Metagenomic and satellite analyses of red snow in the Russian Arctic

PeerJ. 2015 Dec 10;3:e1491. doi: 10.7717/peerj.1491. eCollection 2015.

Abstract

Cryophilic algae thrive in liquid water within snow and ice in alpine and polar regions worldwide. Blooms of these algae lower albedo (reflection of sunlight), thereby altering melting patterns (Kohshima, Seko & Yoshimura, 1993; Lutz et al., 2014; Thomas & Duval, 1995). Here metagenomic DNA analysis and satellite imaging were used to investigate red snow in Franz Josef Land in the Russian Arctic. Franz Josef Land red snow metagenomes confirmed that the communities are composed of the autotroph Chlamydomonas nivalis that is supporting a complex viral and heterotrophic bacterial community. Comparisons with white snow communities from other sites suggest that white snow and ice are initially colonized by fungal-dominated communities and then succeeded by the more complex C. nivalis-heterotroph red snow. Satellite image analysis showed that red snow covers up to 80% of the surface of snow and ice fields in Franz Josef Land and globally. Together these results show that C. nivalis supports a local food web that is on the rise as temperatures warm, with potential widespread impacts on alpine and polar environments worldwide.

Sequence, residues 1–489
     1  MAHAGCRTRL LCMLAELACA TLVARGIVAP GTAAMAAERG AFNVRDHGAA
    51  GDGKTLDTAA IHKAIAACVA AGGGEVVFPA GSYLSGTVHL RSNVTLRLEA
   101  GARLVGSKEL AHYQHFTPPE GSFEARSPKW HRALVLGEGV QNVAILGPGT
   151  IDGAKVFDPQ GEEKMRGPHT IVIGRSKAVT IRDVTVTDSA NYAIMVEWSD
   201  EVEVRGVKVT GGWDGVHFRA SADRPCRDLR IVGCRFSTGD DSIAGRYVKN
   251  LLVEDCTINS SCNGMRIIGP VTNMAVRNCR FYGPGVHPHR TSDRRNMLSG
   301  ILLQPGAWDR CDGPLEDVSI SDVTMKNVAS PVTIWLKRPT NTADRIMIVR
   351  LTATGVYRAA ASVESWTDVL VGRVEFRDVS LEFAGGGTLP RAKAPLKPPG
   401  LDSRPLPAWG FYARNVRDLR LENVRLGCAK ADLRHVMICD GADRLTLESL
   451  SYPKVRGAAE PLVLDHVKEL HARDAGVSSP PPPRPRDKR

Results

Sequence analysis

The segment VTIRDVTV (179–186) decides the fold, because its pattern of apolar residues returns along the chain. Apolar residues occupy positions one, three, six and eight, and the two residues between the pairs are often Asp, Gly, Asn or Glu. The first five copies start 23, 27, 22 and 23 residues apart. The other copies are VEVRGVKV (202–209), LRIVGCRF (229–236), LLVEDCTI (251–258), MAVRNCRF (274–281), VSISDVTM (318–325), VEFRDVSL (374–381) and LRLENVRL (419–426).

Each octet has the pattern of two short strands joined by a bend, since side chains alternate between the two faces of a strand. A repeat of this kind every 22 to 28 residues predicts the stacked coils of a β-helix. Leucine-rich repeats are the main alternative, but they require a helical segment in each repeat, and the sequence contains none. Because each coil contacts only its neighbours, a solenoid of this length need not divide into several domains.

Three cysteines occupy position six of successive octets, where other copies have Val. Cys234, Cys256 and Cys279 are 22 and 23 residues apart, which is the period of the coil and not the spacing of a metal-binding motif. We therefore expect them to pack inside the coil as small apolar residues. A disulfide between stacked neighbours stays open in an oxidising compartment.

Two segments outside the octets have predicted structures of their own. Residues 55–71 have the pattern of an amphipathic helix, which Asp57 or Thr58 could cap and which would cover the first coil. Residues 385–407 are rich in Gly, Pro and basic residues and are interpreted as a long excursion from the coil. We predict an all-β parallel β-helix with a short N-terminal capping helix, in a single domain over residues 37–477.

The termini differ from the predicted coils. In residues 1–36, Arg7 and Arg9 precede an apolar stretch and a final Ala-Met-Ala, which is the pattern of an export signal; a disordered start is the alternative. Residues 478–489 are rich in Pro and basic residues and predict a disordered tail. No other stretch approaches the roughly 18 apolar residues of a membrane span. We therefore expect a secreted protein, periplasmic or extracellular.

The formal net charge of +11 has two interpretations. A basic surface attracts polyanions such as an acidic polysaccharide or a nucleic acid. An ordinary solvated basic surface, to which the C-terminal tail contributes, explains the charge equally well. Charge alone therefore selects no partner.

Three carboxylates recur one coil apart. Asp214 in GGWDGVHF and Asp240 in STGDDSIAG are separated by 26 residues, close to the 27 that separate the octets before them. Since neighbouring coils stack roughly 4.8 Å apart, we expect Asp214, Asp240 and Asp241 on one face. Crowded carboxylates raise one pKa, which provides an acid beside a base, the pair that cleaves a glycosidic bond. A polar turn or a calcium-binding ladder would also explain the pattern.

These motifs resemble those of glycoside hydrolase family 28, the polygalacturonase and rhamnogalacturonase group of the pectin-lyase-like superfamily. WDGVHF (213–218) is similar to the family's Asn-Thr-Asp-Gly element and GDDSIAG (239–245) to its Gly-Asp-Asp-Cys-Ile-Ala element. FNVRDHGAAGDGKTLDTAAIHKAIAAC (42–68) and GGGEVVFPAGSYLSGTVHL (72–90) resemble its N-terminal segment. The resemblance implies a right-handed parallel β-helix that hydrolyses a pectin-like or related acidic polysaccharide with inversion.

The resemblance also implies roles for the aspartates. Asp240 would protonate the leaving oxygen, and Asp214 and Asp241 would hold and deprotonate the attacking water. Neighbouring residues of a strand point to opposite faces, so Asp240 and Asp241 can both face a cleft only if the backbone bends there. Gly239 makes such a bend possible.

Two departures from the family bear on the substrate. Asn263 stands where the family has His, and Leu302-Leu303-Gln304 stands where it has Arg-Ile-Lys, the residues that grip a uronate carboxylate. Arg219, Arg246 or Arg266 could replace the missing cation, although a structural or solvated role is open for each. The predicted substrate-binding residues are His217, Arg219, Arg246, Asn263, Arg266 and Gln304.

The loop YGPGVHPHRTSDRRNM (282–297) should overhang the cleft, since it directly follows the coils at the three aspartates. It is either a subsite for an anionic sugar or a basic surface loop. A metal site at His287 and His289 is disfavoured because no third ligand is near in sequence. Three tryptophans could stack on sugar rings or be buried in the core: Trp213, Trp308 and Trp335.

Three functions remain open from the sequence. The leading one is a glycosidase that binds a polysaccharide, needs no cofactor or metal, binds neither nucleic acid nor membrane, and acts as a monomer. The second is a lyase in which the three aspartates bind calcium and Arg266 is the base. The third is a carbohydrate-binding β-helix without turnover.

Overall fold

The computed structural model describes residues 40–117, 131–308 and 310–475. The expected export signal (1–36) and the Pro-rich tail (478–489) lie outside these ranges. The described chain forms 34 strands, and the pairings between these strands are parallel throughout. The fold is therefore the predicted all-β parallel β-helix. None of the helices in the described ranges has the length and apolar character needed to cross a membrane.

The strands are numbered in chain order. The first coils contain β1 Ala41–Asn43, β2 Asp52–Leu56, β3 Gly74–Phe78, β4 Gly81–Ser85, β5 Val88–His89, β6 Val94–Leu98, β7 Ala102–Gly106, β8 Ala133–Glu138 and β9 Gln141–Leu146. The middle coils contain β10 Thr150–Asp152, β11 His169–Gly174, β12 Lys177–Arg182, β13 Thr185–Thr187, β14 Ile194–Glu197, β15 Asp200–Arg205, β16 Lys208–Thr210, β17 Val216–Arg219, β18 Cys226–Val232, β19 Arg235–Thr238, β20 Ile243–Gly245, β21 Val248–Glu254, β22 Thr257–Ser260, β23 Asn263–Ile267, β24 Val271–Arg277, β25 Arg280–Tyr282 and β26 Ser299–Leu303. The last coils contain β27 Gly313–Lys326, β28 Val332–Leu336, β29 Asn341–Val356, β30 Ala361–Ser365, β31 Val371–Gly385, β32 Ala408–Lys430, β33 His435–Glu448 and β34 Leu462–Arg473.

Keywords: Arctic; Franz Josef Land; Metagenomics; Phage; Red snow; Snow; Viruses; Watermelon snow.

Grant support

This work is supported by Russkaya Arktika (Russian Arctic) National Park (a Federal State-Funded Organization; 57 Soviet Cosmonaut Avenue; Arkhangel’sk 163031) and the National Geographic Society (Washington, D.C.). The research was partially sponsored by the Gordon and Betty Moore Foundation Grant GBMF-3781 to FR. The funders had no role in study design, data collection and analysis, decision to publish, or preparation of the manuscript.